Parents should prepare for asthma spike among children
Parents should review action plans and ensure they have correct medications to prepare for an asthma spike among children, a preventable trend, now that children have returned to school.
Professor Christine Jenkins, a respiratory researcher at The George Institute for Global Health and The University of Sydney, says there is a strong relationship between common colds and asthma, and the return to school after summer holidays.
“Simple summer colds trigger asthma in children with asthma,” says Professor Jenkins. “The peak occurs within the first two or three weeks when children return to school and they share their respiratory infections with each other.”
“Parents and care givers should take preventive steps to assist with controlling asthma attacks, by visiting their local GP and reviewing their action plans and medications.
“Reviewing a child’s asthma action plan should be done annually because as children grow,
their medication needs also change.
“Taking control of asthma treatment is like taking control of diabetes treatment. Children change, therefore their asthma and their medication needs change.”
About one in nine Australian children have asthma. Up to 350 children per 100,000 population can end up in the emergency department in summer, compared to about 50 people aged over 65 per 100,000 populations.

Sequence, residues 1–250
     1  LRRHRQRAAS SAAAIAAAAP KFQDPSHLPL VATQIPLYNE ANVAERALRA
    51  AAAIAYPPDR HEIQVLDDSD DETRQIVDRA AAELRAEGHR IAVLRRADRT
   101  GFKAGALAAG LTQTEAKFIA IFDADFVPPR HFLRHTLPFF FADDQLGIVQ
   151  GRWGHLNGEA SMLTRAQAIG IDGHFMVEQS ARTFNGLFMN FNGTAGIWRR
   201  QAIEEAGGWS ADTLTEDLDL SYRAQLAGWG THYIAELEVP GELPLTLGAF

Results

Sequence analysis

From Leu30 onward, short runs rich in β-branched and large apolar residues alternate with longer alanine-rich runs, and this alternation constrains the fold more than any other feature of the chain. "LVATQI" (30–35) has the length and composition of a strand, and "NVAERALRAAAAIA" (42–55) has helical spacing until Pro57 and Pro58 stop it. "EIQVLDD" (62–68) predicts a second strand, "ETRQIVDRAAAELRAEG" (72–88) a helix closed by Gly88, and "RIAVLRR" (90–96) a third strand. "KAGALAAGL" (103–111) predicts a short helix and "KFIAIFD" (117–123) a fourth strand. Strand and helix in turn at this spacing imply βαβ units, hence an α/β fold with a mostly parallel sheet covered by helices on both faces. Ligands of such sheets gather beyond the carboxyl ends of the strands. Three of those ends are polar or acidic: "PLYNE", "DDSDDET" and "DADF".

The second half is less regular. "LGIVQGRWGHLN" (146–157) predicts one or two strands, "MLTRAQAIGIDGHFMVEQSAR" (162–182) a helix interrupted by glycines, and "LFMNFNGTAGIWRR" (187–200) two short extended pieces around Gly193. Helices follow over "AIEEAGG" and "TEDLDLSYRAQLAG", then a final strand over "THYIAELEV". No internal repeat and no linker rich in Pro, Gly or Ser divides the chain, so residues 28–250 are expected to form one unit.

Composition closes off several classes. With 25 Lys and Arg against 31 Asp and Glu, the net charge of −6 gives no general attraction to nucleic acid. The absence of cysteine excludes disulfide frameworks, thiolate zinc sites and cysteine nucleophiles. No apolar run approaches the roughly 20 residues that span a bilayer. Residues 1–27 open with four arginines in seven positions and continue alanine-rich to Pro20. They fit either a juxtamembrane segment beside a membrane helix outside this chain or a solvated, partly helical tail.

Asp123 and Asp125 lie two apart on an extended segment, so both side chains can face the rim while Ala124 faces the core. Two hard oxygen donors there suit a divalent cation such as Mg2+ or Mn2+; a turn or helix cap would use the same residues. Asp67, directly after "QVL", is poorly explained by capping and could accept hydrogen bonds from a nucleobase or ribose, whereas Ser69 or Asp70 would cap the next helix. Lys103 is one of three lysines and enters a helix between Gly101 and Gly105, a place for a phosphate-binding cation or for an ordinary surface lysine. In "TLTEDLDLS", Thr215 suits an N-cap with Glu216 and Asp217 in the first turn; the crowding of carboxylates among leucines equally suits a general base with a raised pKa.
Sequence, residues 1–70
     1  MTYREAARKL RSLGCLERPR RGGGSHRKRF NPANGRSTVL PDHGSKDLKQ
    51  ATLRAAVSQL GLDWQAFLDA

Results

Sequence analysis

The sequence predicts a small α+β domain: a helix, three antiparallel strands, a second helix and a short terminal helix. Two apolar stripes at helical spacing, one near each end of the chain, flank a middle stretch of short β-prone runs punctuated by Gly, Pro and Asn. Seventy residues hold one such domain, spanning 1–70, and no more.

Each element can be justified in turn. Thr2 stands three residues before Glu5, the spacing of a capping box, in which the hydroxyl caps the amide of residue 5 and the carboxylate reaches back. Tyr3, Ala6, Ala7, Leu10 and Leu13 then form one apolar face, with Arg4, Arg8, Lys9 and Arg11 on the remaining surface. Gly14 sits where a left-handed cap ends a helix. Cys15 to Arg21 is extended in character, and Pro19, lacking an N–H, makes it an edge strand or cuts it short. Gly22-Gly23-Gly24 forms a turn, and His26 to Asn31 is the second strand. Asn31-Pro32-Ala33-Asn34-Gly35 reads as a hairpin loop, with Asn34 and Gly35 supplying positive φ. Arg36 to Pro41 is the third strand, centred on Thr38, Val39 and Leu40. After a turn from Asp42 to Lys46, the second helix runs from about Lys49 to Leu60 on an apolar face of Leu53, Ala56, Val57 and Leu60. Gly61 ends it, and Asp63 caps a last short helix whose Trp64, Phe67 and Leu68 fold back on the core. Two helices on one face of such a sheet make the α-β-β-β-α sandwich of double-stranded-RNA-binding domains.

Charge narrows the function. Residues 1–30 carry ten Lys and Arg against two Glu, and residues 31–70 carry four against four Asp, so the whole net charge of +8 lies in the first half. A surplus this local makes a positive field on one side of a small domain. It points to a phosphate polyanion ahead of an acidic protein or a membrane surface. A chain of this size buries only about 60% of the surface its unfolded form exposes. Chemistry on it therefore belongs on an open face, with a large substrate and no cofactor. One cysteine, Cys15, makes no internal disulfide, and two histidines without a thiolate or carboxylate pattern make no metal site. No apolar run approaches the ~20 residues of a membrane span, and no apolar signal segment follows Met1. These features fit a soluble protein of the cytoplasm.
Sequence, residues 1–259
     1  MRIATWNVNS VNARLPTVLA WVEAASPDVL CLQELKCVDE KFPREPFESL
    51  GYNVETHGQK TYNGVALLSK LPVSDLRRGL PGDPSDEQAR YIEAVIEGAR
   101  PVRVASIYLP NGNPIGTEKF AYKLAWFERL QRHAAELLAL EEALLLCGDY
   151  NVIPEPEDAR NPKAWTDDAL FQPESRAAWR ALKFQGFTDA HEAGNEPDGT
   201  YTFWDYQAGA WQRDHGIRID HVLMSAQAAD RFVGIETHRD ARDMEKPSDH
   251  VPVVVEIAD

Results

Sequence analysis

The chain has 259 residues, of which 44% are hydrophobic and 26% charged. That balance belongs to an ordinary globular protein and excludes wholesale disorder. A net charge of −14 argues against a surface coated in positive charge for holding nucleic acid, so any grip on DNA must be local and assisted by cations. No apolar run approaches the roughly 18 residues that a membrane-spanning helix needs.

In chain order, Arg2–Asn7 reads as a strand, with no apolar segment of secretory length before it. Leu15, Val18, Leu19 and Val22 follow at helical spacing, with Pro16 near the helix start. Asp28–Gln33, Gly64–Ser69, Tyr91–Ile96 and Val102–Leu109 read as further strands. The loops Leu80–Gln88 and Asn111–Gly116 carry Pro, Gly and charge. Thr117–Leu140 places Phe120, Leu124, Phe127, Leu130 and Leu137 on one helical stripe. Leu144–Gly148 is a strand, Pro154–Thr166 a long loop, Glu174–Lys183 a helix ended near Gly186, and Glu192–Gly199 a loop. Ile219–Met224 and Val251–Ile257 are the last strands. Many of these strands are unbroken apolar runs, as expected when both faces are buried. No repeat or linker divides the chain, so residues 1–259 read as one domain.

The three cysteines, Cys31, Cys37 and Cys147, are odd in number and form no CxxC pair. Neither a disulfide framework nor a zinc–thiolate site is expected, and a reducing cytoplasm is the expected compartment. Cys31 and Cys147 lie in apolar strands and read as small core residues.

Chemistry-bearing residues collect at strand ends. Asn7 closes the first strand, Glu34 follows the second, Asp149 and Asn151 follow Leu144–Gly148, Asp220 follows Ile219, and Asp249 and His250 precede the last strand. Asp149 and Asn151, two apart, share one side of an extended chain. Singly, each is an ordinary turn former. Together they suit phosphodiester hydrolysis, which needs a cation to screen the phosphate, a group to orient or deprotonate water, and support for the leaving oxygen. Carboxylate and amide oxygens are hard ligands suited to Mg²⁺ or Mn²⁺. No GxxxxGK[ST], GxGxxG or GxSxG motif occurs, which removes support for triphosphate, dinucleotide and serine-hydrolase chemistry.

Despite these figures, there is very little work being done around the transmission of viral infections and asthma, however research suggests that simple measures like covering up a cough and sneeze can reduce infection within families.
“These simple measures could minimise the sudden rush to hospitals that comes at this time of year, and the time parents have to take off work to stay home with sick children, making this asthma peak preventable,” says Professor Jenkins.
Professor Jenkins, who is also a hospital respiratory specialist, said emergency departments and respiratory specialists preparing for a jump in the numbers of young children being rushed to hospital with asthma at this time of year.
“If the whole community takes a more proactive approach we could have some impact not
only on little children, but also on older people who are admitted to hospital with respiratory infections and may even die as a result of the complications.
“We are recognising more and more how important these simple viruses are in triggering asthma attacks.”
1. Parents be aware – a cold spreads rapidly in a family
2. Take care handling children’s things
3. Encourage good hand hygiene amongst all members of a family – with and without colds.
4. Encourage covering up each cough and sneeze: arm to face is as good as hand to face
5. Annually review action plans and medications to prevent and control acute attacks and have these displayed at schools and daycare